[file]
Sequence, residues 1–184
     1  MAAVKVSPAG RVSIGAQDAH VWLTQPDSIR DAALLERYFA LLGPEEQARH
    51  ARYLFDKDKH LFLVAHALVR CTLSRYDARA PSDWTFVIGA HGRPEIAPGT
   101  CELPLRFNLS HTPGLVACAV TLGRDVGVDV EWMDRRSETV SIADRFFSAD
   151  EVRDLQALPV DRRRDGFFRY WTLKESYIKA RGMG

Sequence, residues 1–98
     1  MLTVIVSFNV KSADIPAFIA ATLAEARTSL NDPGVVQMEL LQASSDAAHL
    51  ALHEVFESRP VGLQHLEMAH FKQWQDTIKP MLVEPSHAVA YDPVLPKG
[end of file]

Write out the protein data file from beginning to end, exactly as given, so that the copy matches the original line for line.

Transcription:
Sequence, residues 1–184
     1  MAAVKVSPAG RVSIGAQDAH VWLTQPDSIR DAALLERYFA LLGPEEQARH
    51  ARYLFDKDKH LFLVAHALVR CTLSRYDARA PSDWTFVIGA HGRPEIAPGT
   101  CELPLRFNLS HTPGLVACAV TLGRDVGVDV EWMDRRSETV SIADRFFSAD
   151  EVRDLQALPV DRRRDGFFRY WTLKESYIKA RGMG

Sequence, residues 1–98
     1  MLTVIVSFNV KSADIPAFIA ATLAEARTSL NDPGVVQMEL LQASSDAAHL
    51  ALHEVFESRP VGLQHLEMAH FKQWQDTIKP MLVEPSHAVA YDPVLPKG